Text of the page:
The rest of the album then has to live up to those songs, and initially it doesn’t quite seem to. One could dismiss “Anniemal”, “No Easy Love” and “Happy Without You” as not being particularly hooky or catchy, which they aren’t, really. But at the same time, they’re hard to disagree with, the first two in particular just being of such easy charm, so very listenable—probably not anyone’s favourites off the album, but good, nice, enjoyable songs to sit and smile along with. “Happy Without You” is a bit harder to justify, though. A slightly dragging put-down track, the whole thing sounding a bit like a Warp off-cut or some such.**

It all comes right in the end, though. At the start of “Come Together”, she’s alone, looking straight at the camera. “Look into yourself… you will know, who you are… Listen what I have to say, and you will be OK—come togetherrrr!!!” at which the switch marked disco gets flipped and proceeds to run for the next six minutes, Annie coming in and out every now and then: “Come together, everyone all feeling fine, people smiling, sunny shine… after rain, comes the, sun…” A euphoric feeling prevails. There are cowbells. Two minutes from the end, the breakdown, the tune dissolves amidst synth crashes and stabs. One minute from the end: “If we all come together, life is gonna be much better. If we all come together, this is gonna last forever.” Repeat to fade.

That’s where you’d think it would end, but there’s an encore: “My Best Friend”, a song for her deceased boyfriend and inspiration for the album, Norwegian DJ Erot. “Thought I saw you last night, looking at me. Thought I heard your voice calling for me”. There are no hooks, really, just Annie and a couple of drum machines, an unchanging melody, a chorus where Annie asks, distractedly, “My best friend, where are you?” The words aren’t profound, the song is, tailing off into the sound of the sea: “there’s always someone out there…” Right at the end, right where it matters, right after you’d expect it to have ended, and right where you’d most notice it.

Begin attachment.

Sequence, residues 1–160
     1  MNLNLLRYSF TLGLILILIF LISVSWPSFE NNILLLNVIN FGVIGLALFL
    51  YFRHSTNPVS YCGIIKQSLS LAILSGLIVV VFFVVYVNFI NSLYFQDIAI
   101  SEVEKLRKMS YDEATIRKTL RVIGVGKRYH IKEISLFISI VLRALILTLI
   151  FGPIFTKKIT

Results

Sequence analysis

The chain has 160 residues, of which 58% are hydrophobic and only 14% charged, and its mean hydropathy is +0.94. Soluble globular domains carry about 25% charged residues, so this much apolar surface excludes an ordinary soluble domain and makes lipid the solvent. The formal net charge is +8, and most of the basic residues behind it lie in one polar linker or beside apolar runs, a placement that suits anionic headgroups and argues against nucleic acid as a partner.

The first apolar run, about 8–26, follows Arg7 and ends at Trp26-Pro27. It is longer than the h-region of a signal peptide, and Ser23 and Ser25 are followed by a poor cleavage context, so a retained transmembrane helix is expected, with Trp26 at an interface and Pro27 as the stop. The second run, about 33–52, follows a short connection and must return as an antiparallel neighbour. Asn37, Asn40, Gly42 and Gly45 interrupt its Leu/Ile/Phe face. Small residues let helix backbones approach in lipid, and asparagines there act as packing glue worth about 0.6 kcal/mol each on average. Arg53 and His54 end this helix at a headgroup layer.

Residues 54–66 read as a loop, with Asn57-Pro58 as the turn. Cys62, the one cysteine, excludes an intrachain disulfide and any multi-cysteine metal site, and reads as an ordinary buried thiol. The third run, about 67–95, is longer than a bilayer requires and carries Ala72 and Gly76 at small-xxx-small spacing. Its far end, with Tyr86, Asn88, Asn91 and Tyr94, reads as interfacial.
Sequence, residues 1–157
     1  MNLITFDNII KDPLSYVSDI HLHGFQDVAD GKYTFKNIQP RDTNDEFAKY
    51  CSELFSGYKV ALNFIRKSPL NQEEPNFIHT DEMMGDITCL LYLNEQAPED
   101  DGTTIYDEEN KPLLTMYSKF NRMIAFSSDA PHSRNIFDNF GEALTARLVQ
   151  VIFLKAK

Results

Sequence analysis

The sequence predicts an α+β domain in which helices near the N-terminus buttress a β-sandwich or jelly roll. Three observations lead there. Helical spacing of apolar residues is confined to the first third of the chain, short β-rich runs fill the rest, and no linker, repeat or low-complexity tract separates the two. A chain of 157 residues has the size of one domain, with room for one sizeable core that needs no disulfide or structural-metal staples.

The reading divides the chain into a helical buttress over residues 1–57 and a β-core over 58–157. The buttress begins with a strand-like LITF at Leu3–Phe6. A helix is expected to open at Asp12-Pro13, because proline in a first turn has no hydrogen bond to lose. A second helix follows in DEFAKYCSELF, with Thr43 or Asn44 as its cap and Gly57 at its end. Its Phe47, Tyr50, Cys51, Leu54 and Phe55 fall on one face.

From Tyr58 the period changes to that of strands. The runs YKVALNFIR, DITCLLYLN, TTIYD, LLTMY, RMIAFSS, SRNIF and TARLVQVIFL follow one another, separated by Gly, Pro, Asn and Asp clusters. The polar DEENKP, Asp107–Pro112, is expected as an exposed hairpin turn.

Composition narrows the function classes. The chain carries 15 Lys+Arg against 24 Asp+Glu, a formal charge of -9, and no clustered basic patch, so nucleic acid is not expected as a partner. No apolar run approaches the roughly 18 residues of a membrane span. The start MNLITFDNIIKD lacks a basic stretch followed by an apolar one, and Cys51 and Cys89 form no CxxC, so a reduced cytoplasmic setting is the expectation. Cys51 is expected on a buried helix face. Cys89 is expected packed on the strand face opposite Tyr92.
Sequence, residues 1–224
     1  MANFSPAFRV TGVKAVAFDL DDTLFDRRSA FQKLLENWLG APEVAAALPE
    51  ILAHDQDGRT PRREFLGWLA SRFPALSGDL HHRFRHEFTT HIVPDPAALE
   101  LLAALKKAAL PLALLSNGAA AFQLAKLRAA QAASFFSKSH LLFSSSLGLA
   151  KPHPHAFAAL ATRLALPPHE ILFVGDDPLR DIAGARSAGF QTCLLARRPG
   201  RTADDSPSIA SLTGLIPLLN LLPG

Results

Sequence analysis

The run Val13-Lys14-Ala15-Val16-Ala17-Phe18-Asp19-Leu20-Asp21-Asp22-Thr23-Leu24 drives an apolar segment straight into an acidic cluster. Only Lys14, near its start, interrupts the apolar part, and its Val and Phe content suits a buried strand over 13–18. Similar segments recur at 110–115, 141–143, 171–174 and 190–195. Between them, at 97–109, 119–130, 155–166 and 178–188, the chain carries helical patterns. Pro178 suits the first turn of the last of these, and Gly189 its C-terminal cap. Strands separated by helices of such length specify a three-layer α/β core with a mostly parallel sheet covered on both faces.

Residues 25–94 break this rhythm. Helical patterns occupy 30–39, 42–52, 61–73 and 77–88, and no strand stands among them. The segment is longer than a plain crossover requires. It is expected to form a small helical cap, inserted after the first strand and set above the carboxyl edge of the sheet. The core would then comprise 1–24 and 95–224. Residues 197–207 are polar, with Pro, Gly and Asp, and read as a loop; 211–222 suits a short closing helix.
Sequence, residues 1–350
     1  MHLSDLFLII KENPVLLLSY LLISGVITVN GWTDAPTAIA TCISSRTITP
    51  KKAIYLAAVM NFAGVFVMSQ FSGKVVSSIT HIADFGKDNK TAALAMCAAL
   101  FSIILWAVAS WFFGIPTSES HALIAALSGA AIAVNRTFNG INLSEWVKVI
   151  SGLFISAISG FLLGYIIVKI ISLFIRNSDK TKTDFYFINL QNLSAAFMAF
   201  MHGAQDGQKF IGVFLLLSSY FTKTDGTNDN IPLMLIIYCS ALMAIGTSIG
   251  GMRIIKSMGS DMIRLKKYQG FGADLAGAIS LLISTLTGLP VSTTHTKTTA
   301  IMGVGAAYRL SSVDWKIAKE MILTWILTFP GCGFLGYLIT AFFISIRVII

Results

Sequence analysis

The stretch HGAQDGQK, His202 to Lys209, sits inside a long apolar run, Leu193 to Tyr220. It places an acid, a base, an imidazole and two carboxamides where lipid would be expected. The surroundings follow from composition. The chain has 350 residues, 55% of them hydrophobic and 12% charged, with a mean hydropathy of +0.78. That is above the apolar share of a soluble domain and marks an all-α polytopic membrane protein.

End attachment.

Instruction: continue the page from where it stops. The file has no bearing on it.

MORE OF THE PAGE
All we ask is for you to come with no expectations—given the amount of buzz about this album, that’s going to be very difficult, obviously, but give it a try. If you come expecting a great album full of hit singles, you won’t get it. If you come with an open mind, what will greet you is the opening chapter of a tale about a girl living through music, remembering through music, exploring her art and herself, starting out to create something special and different. Despite how it feels sometimes, Annie is not the property of the blogosphere, the hipster scenes, the underground proper pop brigade or whatever. The reason that everyone fell for her in the first place is because she’s herself. And her music reflects that. Regardless of the occasional moments when it doesn’t quite come off, Anniemal is an album whose overall feeling is one of such warmth and love that it seems only natural to reciprocate.

*Legendary London stage school/twat farm.
**Yes, this’ll probably be my favourite song off the album by next week.



Reviewed by: William B. Swygart
Reviewed on: 2004-10-25
Comments (4)
 

 
Today on Stylus
Reviews
October 31st, 2007
Features
October 31st, 2007
Recently on Stylus
Reviews
October 30th, 2007
October 29th, 2007
Features
October 30th, 2007
October 29th, 2007
Recent Music Reviews
Recent Movie Reviews